Not airing reruns of “Lost” means a hit to ABC’s bottom line, but McPherson thinks the move is needed.
“It’s a more expensive schedule, but I think the audience is more demanding now,” McPherson said. “The audience has so much more choice, we have to work more originals into our schedule. … Giving the audience what they want is something we’re charged with doing.”
McPherson also confirmed “Commander in Chief” might still have life, saying ABC execs were debating the merits of a potential two-hour movie from creator Rod Lurie (Daily Variety, May 16). Pic in theory could serve as a backdoor pilot to revive the series, but no agreements are yet in place.
ABC chief admitted disappointment with what happened to “Chief” over its first season.
“Creatively, the show didn’t build to where it needs to be,” McPherson said. “It’s a frustration when the show isn’t executed up to the level of the pilot.”
Like NBC, ABC is bringing back just two shows launched last season: “Dancing With the Stars” and “What About Brian.” Also of note: All of the Alphabet’s fall laffers are single-camera comedies, a departure for a net historically known for multicamera hits from “Roseanne” to “Home Improvement.”
McPherson added a note of realism to this week’s blizzard of hype surrounding new platforms and technologies, noting they’re not his priority.
“I spend most of my time worrying about the content,” he said. “At the end of the day, that’s what drives everything else.”
McPherson’s boss, Disney ABC TV Group topper Anne Sweeney, underscored that message at the net’s upfront. She teased the audience into believing she was about to unveil the “ultimate” media viewing device, hinting it was a new iPod. Instead, she took the wraps off a television set from the 1970s.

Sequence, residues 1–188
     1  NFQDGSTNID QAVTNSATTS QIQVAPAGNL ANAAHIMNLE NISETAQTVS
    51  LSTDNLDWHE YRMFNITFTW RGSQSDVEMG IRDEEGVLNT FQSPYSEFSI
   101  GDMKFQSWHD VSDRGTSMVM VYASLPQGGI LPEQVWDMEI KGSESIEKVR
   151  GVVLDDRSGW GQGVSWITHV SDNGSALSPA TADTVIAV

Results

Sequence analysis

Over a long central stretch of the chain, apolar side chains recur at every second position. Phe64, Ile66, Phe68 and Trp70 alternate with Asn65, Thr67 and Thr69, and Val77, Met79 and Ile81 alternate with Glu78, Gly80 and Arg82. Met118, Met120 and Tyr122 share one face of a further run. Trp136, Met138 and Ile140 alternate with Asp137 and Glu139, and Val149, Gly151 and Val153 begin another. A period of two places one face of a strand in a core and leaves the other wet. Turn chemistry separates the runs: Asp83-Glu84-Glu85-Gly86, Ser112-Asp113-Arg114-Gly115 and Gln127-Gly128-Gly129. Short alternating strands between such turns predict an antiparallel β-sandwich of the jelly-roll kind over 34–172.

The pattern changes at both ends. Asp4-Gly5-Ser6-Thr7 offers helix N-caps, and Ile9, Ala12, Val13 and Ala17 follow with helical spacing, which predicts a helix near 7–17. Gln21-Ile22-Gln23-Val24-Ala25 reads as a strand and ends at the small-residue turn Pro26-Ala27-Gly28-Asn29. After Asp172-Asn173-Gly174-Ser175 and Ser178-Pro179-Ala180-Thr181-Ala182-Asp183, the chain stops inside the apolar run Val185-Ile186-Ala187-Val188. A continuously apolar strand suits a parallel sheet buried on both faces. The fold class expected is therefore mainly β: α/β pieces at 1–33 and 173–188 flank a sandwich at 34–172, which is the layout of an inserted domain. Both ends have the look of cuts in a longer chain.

“The ABC television network will always be our primary platform,” she said.
Brad Adgate, research director at Horizon Media, seemed a bit surprised by the depth of changes in ABC’s sked.
“For a broadcast net that is very close to winning adults 18-49, they are being very aggressive in moving ‘Grey’s Anatomy’ and putting on new shows,” he said.
Alphabet casualties include “Freddie,” “Invasion,” “The Evidence,” “Emily’s Reasons Why Not,” “Rodney,” “Jake in Progress,” “Hope & Faith,” “Sons & Daughters,” “Less Than Perfect,” “Hot Properties,” “Night Stalker,” “In Justice” and “Miracle Workers.”
(Michael Learmonth contributed to this report.)
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Stars: Jonathan Silverman, David Arquette, Greg Germann, Kelly Hu, Lori Loughlin, Nicholas Roget-King
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Donal Logue, Maz Jobrani, Sofia Vergara, Kevin Michael Richardson
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Notes From the Underbelly WBTV
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Stars: Peter Cambor, Jennifer Westfeldt, Melanie Paxson, Rachael Harris
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Brothers & Sisters Touchstone
Creator/Exec producers: Jon Robin Baitz, Ken Olin, Marti Noxon
Stars: Jonathan LaPaglia, Ron Rifkin, Balthazar Getty, Calista Flockhart, Patricia Wettig, Betty Buckley, Rachel Griffiths
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Creator/Exec producers: Paul Zbyszewski, Matthew Gross, Jeffrey Bell, Rob Bowman
Stars: Taye Diggs, Adam Baldwin, Moon Bloodgood, Ramon Rodriguez, Meta Golding, Victoria Pratt
Logline: Detective lives the same bad day over and over
Men in Trees WBTV
Creator/Exec producers: Jenny Bicks, Cathy Konrad, James Mangold
Stars: Anne Heche, Abraham Benrubi, James Tupper, John Amos
Logline: Woman surrounded by available men in Alaska
The Nine WBTV
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Creators/Exec producers: Raven Metzner, Stu Zicherman,J.J. Abrams, Bryan Burk
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Logline: Strangers lives intertwine in New York
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Stars: Matthew Bomer, Logan Marshall-Green, Aaron Stanford, Steven Culp, Viola Davis
Logline: Duo falsely framed as terrorists